SUNDAY AM: When Disney does cute the right way, it’s a can’t miss with North American moviegoers — even when the stars are yappy rat dogs on a crowded weekend when 7 motion pictures embracing almost every genre opened at the multiplexes. As expected, No. 1 Beverly Hills Chihuahua opened for a $29 million weekend gross for the best October debut in the studio’s history. The pic took in $7.8 million Friday, then up to $12.4M Saturday thanks to a huge kiddie matinee bounce, plus a projected $8.6M from 3,215 theaters. This was a true 4-quadrant hit, with over 70% of the audience made up of families, and 12% couples, without children.
DreamWorks/Paramount’s holdover Eagle Eye starring Shia LeBoeuf as Hollywood’s newest action star had a minimal 2nd weekend drop and came in No. 2 with $17 million (-39% from last Friday) from 3,516 venues after earning $5.4M Friday and $7.8M Saturday for a new cume of $54.6M. Taking 3rd was Sony’s tween/teen new comedy Nick and Norah’s Infinite Playlist with $4.5 million Friday and $4.5M Saturday from 2,421 dates for a $12M weekend, which is less than anticipated but a great return on a $13 million negative cost. “Young females followed by young males better hurry to get there,” one rival studio bigwig told me. Indeed, the audience was 62% female and 55% under age 21.
No. 4 was Warner Bros’ mature romance Nights In Rodanthe at $7.3 million (-45% from last weekend) from 2,702 runs for a new cume of $25M. And New Line/Warner Bros Appaloosa had a surprise 5th place finish from just 1,045 plays for a $5 million FSS and new cume of $5.5M at the start of its 3rd week in limited release. The next pics were both holdovers: in 6th place, Sony’s Lakeview Terrace grossed $4.5 million over the weekend for a new cume of $32.1M. And No. 7 was Focus Pictures’ Burn After Reading with a $4 million FSS and a new $51.6M cume. Hollywood continues to register surprise at the box office for the faith-based firefighter saga Fireproof from Provident/Samuel Goldwyn: the low-budget pic held for #8 with a minimal 2nd week drop of 40% for a $4M weekend in only 852 theaters and new cume of $12.4M. After 10 days in release, Fireproof has surpassed the cume of Facing The Giants, the last faith-based film directed by Alex Kendrick.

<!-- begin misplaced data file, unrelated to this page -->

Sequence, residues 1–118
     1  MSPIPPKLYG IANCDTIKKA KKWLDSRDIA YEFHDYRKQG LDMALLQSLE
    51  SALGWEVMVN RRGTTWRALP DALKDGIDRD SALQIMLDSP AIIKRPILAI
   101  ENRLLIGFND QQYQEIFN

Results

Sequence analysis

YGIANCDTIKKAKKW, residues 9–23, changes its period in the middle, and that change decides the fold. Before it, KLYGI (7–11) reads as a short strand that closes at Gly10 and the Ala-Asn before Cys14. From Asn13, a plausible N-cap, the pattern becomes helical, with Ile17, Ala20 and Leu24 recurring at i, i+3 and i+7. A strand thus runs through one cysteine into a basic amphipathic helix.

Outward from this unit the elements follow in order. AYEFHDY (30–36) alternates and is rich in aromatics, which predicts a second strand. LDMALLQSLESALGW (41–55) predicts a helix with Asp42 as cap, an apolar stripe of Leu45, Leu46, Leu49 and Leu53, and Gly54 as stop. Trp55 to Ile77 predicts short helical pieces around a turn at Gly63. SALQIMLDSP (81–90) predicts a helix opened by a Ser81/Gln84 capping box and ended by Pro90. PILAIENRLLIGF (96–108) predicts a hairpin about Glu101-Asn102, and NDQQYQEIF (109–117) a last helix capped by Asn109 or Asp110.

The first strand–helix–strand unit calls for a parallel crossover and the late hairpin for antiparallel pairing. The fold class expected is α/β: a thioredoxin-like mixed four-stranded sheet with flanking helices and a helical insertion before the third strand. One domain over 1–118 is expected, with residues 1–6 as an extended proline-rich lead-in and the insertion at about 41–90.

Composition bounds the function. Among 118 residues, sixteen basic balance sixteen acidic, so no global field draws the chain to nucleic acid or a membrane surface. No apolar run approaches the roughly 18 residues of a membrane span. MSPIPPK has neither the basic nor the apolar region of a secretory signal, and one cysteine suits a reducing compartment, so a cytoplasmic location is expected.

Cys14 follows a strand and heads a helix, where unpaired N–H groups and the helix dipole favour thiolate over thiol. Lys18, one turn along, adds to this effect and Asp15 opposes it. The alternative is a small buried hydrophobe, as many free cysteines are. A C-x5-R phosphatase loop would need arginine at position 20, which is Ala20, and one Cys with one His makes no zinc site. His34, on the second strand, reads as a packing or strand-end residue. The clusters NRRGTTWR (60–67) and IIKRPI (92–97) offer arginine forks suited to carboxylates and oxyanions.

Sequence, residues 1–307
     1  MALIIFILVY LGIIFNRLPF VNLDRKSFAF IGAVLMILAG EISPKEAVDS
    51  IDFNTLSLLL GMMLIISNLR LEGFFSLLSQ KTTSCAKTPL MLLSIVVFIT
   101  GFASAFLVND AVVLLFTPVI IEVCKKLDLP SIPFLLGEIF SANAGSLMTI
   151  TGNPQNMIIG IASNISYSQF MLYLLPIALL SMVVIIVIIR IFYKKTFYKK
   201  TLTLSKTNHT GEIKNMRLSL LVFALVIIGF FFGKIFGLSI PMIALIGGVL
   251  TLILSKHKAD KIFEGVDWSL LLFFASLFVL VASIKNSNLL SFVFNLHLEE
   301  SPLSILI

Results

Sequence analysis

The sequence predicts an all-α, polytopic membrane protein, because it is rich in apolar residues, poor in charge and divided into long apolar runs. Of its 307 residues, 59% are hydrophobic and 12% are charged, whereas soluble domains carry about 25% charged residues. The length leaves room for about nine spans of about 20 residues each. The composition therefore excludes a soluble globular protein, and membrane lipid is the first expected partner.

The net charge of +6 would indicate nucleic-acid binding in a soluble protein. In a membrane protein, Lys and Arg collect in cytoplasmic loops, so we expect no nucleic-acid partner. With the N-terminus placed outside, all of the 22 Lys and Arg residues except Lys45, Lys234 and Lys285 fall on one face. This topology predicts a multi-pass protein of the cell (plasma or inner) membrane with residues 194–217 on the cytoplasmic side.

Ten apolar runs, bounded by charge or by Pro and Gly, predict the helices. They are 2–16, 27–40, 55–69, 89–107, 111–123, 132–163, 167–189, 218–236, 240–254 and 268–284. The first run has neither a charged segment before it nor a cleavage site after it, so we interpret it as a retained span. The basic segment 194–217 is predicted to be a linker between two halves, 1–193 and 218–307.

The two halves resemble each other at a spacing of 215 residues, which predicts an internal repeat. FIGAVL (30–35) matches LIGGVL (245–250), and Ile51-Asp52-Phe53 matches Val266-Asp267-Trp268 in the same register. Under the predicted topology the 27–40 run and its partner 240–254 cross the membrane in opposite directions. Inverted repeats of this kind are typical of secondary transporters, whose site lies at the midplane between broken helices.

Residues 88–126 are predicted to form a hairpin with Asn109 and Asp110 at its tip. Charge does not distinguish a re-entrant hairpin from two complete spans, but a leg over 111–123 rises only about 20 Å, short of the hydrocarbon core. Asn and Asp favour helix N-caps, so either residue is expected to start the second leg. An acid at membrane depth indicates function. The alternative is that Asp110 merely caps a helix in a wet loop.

As for other newcomers, David Zucker’s right-wing spoof An American Carol from Vivendi Entertainment opened decently for this genre of pic at No. 9 with $3.8 million from 1,639 locales. By contrast, Bill Maher’s left-wing satire Religulous directed by Borat‘s Larry Charles for Lionsgate opened on Wednesday and is doing far better proportionately at the box office, making $3.5 million this weekend despite playing in 1/3 as many venues as American Carol (just 502). Even more telling, Maher/Charles’ per screen average was a robust $6,972 compared to Zucker’s $2,325 — good enough for No. 10.
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Julianne Moore couldn’t help the R-rated Miramax thriller Blindness which tanked at the box office, debuting #11 with just $2.3M from 1,690 dates. Spyglass Entertainment/Universal-distributed Flash of Genius, starring Greg Kinnear as an inventor who takes on the American auto industry, was always going to be a hard sell despite the studio’s best efforts (remember Tucker?): it opened only 12th with just $2M from a limited release of 1,098 plays. Exit polls showed it appeared predominantly to an over-40 audience (78%) of females (57%) and Caucasians (89%). But faring far worse was the Autonomous Films/MGM-distributed How To Lose Friends And Alienate People which opened to only $1.4M from 1,750 runs. Well, Toby Young’s book was small, too. Finally, Sony Classics’ Oscar-touted Rachel Getting Married directed by Jonathan Demme and starring Anne Hathaway platformed in 9 theaters (3 in NYC, 5 in LA, 1 in Toronto) for 302K this weekend and a staggering per screen average of $33,659!
Total weekend box office was way, way up from last year thanks to top dog and plenty of choice — $115M this year, soaring 37% over 2007’s $89M. Year-to-date revenues are running neck and neck at $7.2B. For more stats, see Media By Numbers.
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